You should know that you are not alone. About 200,000 new cases of seizures and epilepsy occur each year. The specific issues affecting females with epilepsy have become so crucial that the Epilepsy Foundation created the “Women and Epilepsy” initiative to address some of those issues and bring societal awareness to them.
There are some gender-specific questions/issues that females may wish to bring up with their doctor, including:
- Is there a certain kind of birth control I should use?
- Can epilepsy affect my chances of getting pregnant?
- Is it even safe for me to get pregnant with epilepsy?
- Would my children be at an increased risk for developing epilepsy?
- Are there specific steps or strategies I should learn about in regards to parenting with epilepsy
- In what ways do my periods and hormones affect my epilepsy?
Is epilepsy common?
Epilepsy is common, with about 5 million people having a history of the disorder in the US and 3.4 million having active epilepsy. In fact, epilepsy is one of the most common conditions affecting the brain.
Causes of Epilepsy?
While the seizures from epilepsy can sometimes be related to a brain injury or a family tendency, most often, the cause is entirely unknown. In fact, in about half of the cases of epilepsy, the cause is unknown (lacking an injury or genetic component.)
Much is still unknown about epilepsy. For example, one or more genes may cause the epilepsy, there could be a complex interaction between genes responsible, or epilepsy may be caused by the way some genes work in the brain. However, researchers know that about 30% of people have a structural difference in brain areas thought to causes seizures. Autism may be partly responsible for epilepsy in about 30 a third of childhood cases.
Infections of the brain are common causes of epilepsy. The initial infections are treated with medication, but the infection can leave scarring on the brain that causes seizures later.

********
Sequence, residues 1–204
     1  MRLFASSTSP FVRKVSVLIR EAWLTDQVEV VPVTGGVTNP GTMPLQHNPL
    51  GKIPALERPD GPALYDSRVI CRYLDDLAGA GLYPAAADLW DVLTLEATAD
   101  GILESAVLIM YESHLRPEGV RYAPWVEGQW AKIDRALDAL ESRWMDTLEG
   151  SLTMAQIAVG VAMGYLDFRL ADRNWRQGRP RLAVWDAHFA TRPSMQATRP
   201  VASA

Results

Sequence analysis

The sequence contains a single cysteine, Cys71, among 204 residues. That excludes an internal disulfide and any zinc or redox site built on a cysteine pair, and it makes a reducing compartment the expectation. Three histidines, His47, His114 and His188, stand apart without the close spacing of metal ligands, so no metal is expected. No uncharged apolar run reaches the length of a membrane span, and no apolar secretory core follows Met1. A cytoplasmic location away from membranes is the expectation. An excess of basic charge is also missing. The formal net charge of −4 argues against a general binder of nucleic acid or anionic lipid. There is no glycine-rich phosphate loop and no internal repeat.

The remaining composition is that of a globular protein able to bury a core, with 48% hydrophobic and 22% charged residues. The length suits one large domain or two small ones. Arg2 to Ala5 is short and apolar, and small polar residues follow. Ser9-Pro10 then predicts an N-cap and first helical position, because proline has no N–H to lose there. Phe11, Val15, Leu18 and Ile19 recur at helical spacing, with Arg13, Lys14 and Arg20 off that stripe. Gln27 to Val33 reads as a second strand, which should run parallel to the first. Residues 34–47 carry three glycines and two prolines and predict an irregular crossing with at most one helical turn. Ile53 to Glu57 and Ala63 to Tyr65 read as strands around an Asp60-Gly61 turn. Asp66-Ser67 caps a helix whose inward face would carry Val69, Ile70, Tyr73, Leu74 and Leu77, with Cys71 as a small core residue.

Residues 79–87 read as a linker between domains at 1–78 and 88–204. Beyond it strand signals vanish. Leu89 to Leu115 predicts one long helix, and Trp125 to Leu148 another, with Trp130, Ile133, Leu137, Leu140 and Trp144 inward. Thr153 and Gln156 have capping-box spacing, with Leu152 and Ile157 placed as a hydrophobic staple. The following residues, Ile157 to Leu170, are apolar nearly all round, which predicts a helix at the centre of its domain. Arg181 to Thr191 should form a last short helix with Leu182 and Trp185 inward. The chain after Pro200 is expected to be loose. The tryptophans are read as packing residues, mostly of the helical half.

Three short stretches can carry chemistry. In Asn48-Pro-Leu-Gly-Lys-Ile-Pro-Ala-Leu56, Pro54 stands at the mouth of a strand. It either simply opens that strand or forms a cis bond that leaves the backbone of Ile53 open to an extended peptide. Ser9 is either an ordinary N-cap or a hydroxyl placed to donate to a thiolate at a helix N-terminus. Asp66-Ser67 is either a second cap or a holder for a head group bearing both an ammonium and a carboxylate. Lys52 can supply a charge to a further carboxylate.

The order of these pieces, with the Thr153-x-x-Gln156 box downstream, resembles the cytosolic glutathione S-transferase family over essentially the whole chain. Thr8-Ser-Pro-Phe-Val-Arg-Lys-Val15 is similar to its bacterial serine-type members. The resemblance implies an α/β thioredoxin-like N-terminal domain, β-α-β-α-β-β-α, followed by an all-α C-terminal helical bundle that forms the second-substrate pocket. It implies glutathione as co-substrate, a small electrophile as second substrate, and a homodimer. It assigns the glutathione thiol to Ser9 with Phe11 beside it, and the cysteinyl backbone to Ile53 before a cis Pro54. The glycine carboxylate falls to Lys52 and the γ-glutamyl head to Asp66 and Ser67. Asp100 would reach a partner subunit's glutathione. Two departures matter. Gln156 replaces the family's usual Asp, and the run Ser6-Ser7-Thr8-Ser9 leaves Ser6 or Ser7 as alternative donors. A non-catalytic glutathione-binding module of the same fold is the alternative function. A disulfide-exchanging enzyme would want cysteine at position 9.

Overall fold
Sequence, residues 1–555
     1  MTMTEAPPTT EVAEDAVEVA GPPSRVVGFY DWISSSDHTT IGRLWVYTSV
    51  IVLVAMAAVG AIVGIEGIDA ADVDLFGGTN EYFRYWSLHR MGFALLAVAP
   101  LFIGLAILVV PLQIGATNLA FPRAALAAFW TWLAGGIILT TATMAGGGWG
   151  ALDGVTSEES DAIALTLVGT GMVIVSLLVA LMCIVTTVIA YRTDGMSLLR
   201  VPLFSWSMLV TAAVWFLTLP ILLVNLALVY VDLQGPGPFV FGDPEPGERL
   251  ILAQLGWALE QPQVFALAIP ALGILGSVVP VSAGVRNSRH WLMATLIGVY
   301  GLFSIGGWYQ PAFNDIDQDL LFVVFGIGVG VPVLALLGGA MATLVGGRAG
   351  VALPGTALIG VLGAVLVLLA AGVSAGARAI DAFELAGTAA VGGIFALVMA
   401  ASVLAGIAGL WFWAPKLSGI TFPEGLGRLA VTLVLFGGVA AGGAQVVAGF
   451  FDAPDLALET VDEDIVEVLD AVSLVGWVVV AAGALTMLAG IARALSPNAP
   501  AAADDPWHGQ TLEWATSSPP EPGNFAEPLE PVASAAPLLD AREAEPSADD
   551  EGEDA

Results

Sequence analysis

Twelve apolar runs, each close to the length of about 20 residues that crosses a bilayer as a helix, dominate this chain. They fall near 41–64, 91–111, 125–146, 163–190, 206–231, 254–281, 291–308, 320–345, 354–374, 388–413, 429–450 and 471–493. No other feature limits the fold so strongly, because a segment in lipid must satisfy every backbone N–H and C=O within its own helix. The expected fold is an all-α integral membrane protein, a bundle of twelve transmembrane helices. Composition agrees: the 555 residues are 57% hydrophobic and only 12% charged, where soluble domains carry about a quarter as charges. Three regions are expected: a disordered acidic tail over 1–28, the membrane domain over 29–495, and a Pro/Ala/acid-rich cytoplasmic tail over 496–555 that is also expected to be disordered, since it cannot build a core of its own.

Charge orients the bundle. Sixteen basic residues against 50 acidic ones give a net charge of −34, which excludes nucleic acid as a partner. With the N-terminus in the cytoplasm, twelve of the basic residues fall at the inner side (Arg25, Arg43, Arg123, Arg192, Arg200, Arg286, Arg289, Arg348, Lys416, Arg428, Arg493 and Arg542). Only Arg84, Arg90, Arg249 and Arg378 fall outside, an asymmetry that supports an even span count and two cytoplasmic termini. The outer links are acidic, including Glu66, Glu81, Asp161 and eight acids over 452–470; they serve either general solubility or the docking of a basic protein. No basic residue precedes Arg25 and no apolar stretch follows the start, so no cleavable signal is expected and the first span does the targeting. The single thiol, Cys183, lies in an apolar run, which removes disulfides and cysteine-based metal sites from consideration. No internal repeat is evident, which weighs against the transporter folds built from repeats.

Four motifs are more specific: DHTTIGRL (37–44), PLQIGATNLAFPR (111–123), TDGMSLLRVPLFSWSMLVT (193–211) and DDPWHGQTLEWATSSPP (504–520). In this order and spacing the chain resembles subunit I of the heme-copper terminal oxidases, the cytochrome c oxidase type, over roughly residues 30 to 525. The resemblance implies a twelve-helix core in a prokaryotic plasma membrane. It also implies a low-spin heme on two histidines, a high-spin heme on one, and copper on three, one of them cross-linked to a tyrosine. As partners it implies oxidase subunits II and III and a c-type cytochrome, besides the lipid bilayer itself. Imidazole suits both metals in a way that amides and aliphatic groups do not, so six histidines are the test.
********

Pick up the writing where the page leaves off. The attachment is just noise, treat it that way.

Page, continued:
Head injuries, strokes, tumors, and other injuries can cause or contribute to epilepsy.
- Age- Children and older adults are at the most high risk for onset.
- Family history- A family history of epilepsy can put you at an increased risk for developing the disorder.
- Head injuries- Are responsible for some cases of epilepsy.
- Stroke and other vascular diseases- Can lead to brain damage that can trigger epilepsy.
- Dementia- Increases the risk of epilepsy in older adults.
- Brain infections- Such as meningitis, cause inflammation in the central nervous system, including the brain and spinal cord
- Fevers in childhood- Although this link is rare, high fevers in childhood can sometimes be associated with seizures.
Treatments and Therapies
- A type of medication called AEDs is short for anti-epileptic drugs that have been shown to help limit seizures.
- A surgical procedure can be used to remove a small part of the brain responsible for the seizures.
- Doctors can control a patient’s seizures with a procedure that puts a small electrical device inside the body.
- A special diet (ketogenic diet) that can help control seizures
Living With Epilepsy
Having a seizure action plan in place that lays out who will do what in the event of a seizure can help all parties and alleviate some of the fear of the unknown.
- Epilepsy can potentially affect people of all ages and is the fourth most common neurological disorder in the US.
- Epilepsy is a disorder that can be characterized by unpredictable seizures.
- Epilepsy and the term “seizure disorders” are used interchangeably.
- Often, public misunderstandings of epilepsy can cause challenges for those afflicted on par with the seizures themselves.